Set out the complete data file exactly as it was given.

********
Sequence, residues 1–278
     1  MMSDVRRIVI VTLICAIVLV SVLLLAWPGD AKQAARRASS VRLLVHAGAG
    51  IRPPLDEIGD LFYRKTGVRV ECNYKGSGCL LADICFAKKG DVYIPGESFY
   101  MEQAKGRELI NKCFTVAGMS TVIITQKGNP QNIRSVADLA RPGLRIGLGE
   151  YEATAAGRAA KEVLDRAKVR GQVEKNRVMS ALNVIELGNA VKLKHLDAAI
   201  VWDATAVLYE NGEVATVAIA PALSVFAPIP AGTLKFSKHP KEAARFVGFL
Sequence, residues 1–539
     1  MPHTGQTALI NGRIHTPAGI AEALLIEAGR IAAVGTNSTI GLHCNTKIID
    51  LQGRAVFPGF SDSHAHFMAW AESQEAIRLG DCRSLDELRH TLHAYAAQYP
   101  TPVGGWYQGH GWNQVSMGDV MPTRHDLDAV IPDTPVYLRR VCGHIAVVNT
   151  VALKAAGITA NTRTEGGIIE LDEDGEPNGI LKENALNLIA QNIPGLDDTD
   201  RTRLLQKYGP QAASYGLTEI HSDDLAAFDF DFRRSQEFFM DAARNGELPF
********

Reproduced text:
Sequence, residues 1–278
     1  MMSDVRRIVI VTLICAIVLV SVLLLAWPGD AKQAARRASS VRLLVHAGAG
    51  IRPPLDEIGD LFYRKTGVRV ECNYKGSGCL LADICFAKKG DVYIPGESFY
   101  MEQAKGRELI NKCFTVAGMS TVIITQKGNP QNIRSVADLA RPGLRIGLGE
   151  YEATAAGRAA KEVLDRAKVR GQVEKNRVMS ALNVIELGNA VKLKHLDAAI
   201  VWDATAVLYE NGEVATVAIA PALSVFAPIP AGTLKFSKHP KEAARFVGFL
Sequence, residues 1–539
     1  MPHTGQTALI NGRIHTPAGI AEALLIEAGR IAAVGTNSTI GLHCNTKIID
    51  LQGRAVFPGF SDSHAHFMAW AESQEAIRLG DCRSLDELRH TLHAYAAQYP
   101  TPVGGWYQGH GWNQVSMGDV MPTRHDLDAV IPDTPVYLRR VCGHIAVVNT
   151  VALKAAGITA NTRTEGGIIE LDEDGEPNGI LKENALNLIA QNIPGLDDTD
   201  RTRLLQKYGP QAASYGLTEI HSDDLAAFDF DFRRSQEFFM DAARNGELPF